All the colors that make blue
It had the hallmarks of a typical graduation ceremony -- awards, speeches and hordes of excited families.
But these graduates were not in caps and gowns. They wore blue uniforms, white gloves and holstered guns.
And from my vantage point on the Police Academy lawn, the 44 cadets who graduated into the Los Angeles Police Department on Friday looked impressively tough -- and impossibly young.
At the morning ceremony, I was invited to join the procession of officials passing down the row of cadets, checking the “function and lubrication” of each graduate’s gun. But I looked past the Glocks and into their eyes, studying the name tags pinned to their chests.
Sosa and Singh, Doherty and DelGado, Maynard, Moya and Vaidhayakul.
I heard accents that tied some to foreign countries. And saw a hint of street swagger in some of their marches.
There were veterans with military ribbons. And diminutive women, hair tucked under their caps, with “Sharpshooter” badges.
Some came to the LAPD straight out of college. Others left careers to join: accountant, musician, locomotive conductor. One -- the wife of a cop -- was 34. A young man from Florida had just turned 21.
And for all we joke dismissively about the “melting pot,” it was a pleasure to see, through their ranks, what our city -- and our police force -- has become.
None of this was lost on my host, Assistant LAPD Chief Earl Paysinger. He entered the academy in 1976 -- before most of these recruits were born -- when a class of 75 might have half a dozen Latinos and blacks.
That’s not the only difference; it’s not just about racial and ethnic change.
“In yesteryear the academy was all about the physical dimensions of policing -- arrest and control, shootings, foot pursuits,” Paysinger said. “Now there’s this other part of the training that teaches our recruits how to deal with people on multiple levels.”
That would explain the speeches I heard Friday morning.
Police Commissioner Anthony Pacheco opened his talk with a warning to the new graduates to “engage only in constitutional policing.” He followed with a reminder they might land not just in the line of fire, but “at the intersection of serious social problems.”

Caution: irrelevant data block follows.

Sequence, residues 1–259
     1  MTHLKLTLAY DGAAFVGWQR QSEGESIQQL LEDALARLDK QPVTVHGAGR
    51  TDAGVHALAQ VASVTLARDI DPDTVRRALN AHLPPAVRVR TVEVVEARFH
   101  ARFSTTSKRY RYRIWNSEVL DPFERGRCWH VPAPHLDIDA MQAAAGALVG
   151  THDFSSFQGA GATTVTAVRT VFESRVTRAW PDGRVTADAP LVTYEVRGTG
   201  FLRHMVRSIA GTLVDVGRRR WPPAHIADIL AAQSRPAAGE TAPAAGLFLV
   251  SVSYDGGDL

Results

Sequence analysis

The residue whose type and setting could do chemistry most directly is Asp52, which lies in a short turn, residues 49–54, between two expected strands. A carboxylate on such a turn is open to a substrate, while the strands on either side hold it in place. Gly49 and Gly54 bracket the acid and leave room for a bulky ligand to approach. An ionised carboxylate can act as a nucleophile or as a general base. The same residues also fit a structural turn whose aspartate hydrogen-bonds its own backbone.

Paysinger encouraged them to “conduct yourself with dignity. . . . During every public contact you make, you are our ambassador.”
Even cadet class President Jonathan Beal picked up the theme. “I want to live for more than a paycheck,” he said. “I want my life to mean something beyond the mundane.”
“That’s part of the police book,” Paysinger later joked. “You’re supposed to say ‘I want to help the public.’ But -- maybe more than ever before -- these young people really believe it.”
The attitude is both a result and a reflection of the department’s evolution. And change, Pacheco and Paysinger told me, has been both top down and bottom up.
Chief William J. Bratton has embraced the concept of community policing, and surrounded himself with like-minded brass. Mid-level cops who didn’t toe the line began being squeezed out by officers rising through the ranks with reform on their minds. Or, as Paysinger put it, “the Neanderthal, knuckle-draggers are going the way of the dodos in this department.”
But the department still has work to do, mending fences in some neighborhoods. I could hear the residue of old attitudes in the banter of Friday’s celebrations. A young white graduate was collecting congrats from a cadre of his former Marine buddies. One -- a black guy in a suit and glitzy sunglasses -- leaned in for a hug. “I’m proud of you man,” he said. “But I’m not gonna be seen with you!”
It’s clear the department is on the right track, if officers understand that “good police work is about understanding the human factor,” Paysinger said.
That means it’s OK if a recruit comes from a family that’s poor, where mom was on welfare or junior was in jail. Or a neighborhood where the schools are no good and you have to work hard to stay out of a gang.
That’s why cadet Jesse Browne’s family celebrated with such whoops and leaps when his name was called Friday morning. He grew up in the apartment complex known as the Jungle, a dangerous enclave in the Crenshaw area notorious for violence and drug dealing.
His older sister told me she’s proud that he made it onto the force, but not because of the gun or the badge or the uniform. “Because he worked so hard to stay out of trouble. For 28 years.” And now he can help other kids steer clear.
And it’s why LAPD Capt. Michelle Veenstra looked out over the crowd as the graduation ended and announced to the brothers and sisters and cousins and friends of the department’s newly minted officers, “If any of you want to be a Los Angeles police officer, please stop on your way out at the recruitment table.”
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